The voltage-current converter CO converts the video signals R, G, B into a signal whose profile is equivalent to the instantaneous picture power consumption. This information is reflected at the output PI.

In the following text, it is intended to explain the regulation by means of the fast loop FL.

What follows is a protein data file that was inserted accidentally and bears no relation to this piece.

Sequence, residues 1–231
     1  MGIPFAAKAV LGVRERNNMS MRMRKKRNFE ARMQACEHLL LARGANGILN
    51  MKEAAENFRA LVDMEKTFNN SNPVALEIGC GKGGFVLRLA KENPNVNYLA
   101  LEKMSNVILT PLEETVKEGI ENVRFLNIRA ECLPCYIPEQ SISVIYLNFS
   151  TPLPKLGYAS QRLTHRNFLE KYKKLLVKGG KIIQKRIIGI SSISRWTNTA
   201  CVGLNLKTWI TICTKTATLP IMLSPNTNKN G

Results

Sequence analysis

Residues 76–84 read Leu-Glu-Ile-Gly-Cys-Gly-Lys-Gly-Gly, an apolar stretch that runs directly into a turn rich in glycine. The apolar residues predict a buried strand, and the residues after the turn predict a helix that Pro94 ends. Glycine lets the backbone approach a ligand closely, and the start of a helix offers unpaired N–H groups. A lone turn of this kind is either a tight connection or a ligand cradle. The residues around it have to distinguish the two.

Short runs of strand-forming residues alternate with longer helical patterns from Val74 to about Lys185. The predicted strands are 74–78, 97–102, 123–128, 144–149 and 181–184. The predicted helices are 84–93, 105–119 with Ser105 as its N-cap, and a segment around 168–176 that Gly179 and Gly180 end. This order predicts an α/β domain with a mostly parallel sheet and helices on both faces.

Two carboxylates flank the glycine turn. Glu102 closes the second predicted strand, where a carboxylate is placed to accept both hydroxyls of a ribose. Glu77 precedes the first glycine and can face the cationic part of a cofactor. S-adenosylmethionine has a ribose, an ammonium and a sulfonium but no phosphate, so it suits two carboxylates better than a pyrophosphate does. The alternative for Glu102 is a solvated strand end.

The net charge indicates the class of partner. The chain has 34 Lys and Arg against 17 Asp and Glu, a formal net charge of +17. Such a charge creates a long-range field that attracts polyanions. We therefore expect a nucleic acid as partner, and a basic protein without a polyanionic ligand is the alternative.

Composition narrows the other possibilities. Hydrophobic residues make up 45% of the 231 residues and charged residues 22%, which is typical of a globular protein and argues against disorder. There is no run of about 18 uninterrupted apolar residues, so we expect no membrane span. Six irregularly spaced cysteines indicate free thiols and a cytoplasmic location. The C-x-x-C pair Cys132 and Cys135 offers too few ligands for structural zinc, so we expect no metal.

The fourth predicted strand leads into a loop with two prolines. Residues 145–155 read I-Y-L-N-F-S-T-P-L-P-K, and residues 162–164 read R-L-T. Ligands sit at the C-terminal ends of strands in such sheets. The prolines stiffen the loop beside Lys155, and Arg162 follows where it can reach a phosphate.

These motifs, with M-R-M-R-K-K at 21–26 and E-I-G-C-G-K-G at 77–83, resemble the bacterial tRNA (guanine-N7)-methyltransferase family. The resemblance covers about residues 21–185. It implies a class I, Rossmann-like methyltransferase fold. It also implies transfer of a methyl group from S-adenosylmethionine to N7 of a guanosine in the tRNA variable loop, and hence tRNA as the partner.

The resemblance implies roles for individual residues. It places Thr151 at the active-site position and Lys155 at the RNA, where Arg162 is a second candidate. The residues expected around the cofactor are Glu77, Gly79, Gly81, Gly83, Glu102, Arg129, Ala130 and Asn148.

For this purpose, the curve profile of FIG. 3 is enlisted for assistance. The video input signal Vin has a black picture content SW until the instant 1. The curve for the picture power PI shows no alteration and the voltage VI across the capacitor CS is at a maximum, with the result that the contrast control input CC does not have to be activated in the video processor VP. From the instant 1, it can be seen from the video input signal Vn that a change has taken place from the black line SW to white lines WE. For the time interval between the instants 1 and 2, the system does not yet down-regulate the picture power, in order to give the impression of a maximum-white picture content for small areas. From the instant 2, the fast loop FL is deployed and down-regulates the voltage VI across the capacitor CS, so that the maximum power of the switched-mode power supply SMPS is not exceeded. The regulation deliberately did not commence until after a few lines, because if the picture content had changed within these lines, down-regulation would not have been necessary. On account of the continuous signal for the white picture content, the regulation is then effected, however. The viewer will not excellently perceive this as such, since from now on the white fields are always shown with the same white value.